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“Stranger danger! Stranger danger!” We all grew up learning this phrase to remind us that we shouldn’t trust just anybody we meet in life.

Strangers are all potentially dangerous. You never truly know a person’s motive after meeting for the first time.

It may seem like common knowledge not to trust strangers. However, since the beginning of the coronavirus pandemic, people have been feeling more alone than ever in their homes, and they’re turning to strangers on the internet to feel connected in society.

Various social networks such as Yubo, Tinder and Omegle have gained tremendous popularity as a result of the quarantine put in place in March of last year.

We, as a society, have backed away from the fear of “stranger danger.” Instead, we have begun to normalize and even encourage talking to strangers on the internet.

Now more than ever, younger generations rely on the internet for school, fun and other daily activities.

Taking advantage of this surge of internet use, sex traffickers are targeting younger children and their lack of internet safety during this time.

The United Nations reports in February 2021, “The share of children among detected trafficking victims has tripled while the share of boys has increased five times in the past 15 years.”

The year 2020 breaks the record for the most reports of suspected child exploitation in one year.

NCMEC’s CyberTipline records more than 21.7 million reports, a 97.5% increase from the year 2019.

Because we use the internet for essentially everything in our daily lives nowadays, it’s easy to forget the dangers that come from being online.

With that said, it is clear that there needs to be a stronger emphasis on internet safety among children, teenagers and young adults.

One way to stay safe on the internet is to be aware of strangers on social media and dating sites.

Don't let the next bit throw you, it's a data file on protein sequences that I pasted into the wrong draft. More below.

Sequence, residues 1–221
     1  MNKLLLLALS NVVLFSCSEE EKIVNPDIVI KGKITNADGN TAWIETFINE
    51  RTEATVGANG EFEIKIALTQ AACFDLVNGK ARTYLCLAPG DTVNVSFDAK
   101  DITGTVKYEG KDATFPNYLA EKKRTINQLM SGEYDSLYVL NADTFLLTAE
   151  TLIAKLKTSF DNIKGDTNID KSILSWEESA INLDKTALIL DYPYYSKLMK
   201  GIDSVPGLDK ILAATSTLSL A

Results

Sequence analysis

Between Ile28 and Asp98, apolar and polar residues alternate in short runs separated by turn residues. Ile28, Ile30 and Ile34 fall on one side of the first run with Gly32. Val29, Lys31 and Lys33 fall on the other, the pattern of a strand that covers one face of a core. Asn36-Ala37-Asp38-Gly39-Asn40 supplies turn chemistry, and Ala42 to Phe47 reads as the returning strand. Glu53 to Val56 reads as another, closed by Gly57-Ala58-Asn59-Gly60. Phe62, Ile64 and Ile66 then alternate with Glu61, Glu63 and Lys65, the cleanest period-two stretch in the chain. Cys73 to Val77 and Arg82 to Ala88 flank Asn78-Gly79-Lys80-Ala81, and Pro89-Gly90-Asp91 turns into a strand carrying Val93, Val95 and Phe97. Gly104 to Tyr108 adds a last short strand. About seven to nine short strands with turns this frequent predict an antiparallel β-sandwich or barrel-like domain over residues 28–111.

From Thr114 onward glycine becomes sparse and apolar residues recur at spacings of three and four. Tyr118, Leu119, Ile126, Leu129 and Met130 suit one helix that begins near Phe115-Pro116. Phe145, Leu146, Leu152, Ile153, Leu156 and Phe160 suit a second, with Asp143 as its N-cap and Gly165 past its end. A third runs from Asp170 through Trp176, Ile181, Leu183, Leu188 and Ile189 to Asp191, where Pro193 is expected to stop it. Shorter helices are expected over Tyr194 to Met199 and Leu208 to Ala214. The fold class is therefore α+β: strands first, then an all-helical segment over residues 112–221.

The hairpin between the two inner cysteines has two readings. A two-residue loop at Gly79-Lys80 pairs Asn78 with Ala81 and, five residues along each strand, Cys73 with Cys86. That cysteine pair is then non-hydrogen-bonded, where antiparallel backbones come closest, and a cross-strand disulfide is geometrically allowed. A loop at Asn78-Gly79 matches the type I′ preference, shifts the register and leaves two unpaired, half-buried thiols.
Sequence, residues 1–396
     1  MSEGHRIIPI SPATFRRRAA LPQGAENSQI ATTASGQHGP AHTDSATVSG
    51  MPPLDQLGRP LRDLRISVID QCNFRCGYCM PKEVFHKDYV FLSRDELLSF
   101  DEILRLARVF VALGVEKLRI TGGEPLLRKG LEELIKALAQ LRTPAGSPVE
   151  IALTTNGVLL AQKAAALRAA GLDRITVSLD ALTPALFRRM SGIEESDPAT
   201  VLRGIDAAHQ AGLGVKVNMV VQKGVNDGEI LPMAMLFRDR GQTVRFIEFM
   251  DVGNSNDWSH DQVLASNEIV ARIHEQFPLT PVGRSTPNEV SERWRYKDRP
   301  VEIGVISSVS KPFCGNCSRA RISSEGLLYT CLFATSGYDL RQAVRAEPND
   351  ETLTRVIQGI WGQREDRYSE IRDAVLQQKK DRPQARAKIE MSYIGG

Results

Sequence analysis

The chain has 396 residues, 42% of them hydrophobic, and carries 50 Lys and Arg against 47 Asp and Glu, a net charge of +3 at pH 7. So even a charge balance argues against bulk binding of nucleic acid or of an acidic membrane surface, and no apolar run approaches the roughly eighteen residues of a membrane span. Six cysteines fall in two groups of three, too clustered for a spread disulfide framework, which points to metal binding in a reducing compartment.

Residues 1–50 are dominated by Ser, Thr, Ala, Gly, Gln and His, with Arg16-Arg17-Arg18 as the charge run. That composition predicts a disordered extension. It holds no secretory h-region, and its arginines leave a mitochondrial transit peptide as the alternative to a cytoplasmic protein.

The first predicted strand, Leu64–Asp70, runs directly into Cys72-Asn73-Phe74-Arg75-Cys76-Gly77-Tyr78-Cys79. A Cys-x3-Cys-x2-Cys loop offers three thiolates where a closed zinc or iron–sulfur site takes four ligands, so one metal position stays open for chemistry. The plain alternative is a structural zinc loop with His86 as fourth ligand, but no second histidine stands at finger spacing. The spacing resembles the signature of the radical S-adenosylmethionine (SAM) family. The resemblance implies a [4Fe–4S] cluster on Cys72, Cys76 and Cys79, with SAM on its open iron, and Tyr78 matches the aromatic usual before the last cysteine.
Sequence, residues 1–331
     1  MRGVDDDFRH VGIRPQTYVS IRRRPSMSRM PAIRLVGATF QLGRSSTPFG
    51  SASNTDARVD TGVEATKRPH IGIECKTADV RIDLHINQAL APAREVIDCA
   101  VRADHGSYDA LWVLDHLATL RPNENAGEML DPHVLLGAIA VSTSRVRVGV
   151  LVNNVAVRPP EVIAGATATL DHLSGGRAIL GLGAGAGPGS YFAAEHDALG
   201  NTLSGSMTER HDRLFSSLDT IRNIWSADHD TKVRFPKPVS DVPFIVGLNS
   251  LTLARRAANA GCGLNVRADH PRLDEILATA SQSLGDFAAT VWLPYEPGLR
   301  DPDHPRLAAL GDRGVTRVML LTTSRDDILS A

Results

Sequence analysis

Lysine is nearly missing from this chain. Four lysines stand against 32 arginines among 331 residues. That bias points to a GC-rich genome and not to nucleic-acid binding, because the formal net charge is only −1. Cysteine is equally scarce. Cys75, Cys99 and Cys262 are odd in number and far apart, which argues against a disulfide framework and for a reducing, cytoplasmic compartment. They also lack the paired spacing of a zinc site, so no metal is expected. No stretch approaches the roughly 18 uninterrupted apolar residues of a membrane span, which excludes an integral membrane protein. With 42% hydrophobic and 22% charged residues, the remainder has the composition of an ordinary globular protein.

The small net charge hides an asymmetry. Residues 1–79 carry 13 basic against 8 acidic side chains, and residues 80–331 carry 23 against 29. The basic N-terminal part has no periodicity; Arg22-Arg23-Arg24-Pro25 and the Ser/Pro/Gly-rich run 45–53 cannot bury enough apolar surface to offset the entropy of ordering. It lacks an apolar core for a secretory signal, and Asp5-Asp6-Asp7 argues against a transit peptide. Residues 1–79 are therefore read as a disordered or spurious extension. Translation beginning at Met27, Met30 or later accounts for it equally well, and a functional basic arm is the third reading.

The FBI warns, “Offenders often exploit dating apps and websites to recruit — and later advertise — sex trafficking victims.”

They are even starting to lure in labor trafficking victims by offering legitimate job offers.

“Traffickers groom victims online by offering opportunities for a better life and providing fake employment opportunities.”

In 2017, Chloe Ayling, an aspiring model, flew to Milan, Italy, under the impression that she would be doing a photoshoot.

Once she arrived, she was drugged and abducted by two men from a group of criminals from the Dark Web under an organization called The Black Death Group.

Ayling was luckily released. However, millions of people fall victim to online sexual exploitation daily.

Another way to improve internet safety is to share less information with social media. It’s easy to want to constantly update our friends and family about our current whereabouts and activities. However, strangers also have access to this information, which can put us in scary and dangerous situations.

“Online platforms make it easier for traffickers to find potential victims, especially those who post personal information, such as their financial hardships, their struggles with low self-esteem, or their family problems,” reports Homeland Security Today.

Creepy people are everywhere. It is crucial to protect your phone number, birth date, address and frequent locations from strangers. Providing access to this information allows an easy way for dangerous people to find you — or even possibly steal your identity.

Most importantly, trust your gut. If you feel that something or someone is suspicious, you are likely right.

If a person is making you feel uncomfortable, disengage from the person. You do not have any obligation to strangers on the internet. If you feel unsafe, the best thing to do is remove yourself from the situation before it can escalate.

Despite trusting the internet for our school and work, we need to remember that it is never truly safe from predators and dangerous scams.

As technology advances, traffickers also advance their techniques. They can capture you in ways that you would least expect it.

Always be aware of what is happening in the world around you, even if it’s happening online. Strangers can still cause harm despite the screen in between.

Hope Nguyen is a second-year journalism major at the University of Florida. She enjoys writing, photography, cheese fries, politics and One Direction.
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